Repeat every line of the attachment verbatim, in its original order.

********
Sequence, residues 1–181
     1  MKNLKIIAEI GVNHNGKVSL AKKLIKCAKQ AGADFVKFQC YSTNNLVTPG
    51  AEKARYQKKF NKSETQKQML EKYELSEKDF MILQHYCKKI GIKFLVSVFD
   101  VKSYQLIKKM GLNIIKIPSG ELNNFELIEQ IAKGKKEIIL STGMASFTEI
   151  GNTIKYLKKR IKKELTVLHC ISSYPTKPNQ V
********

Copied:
Sequence, residues 1–181
     1  MKNLKIIAEI GVNHNGKVSL AKKLIKCAKQ AGADFVKFQC YSTNNLVTPG
    51  AEKARYQKKF NKSETQKQML EKYELSEKDF MILQHYCKKI GIKFLVSVFD
   101  VKSYQLIKKM GLNIIKIPSG ELNNFELIEQ IAKGKKEIIL STGMASFTEI
   151  GNTIKYLKKR IKKELTVLHC ISSYPTKPNQ V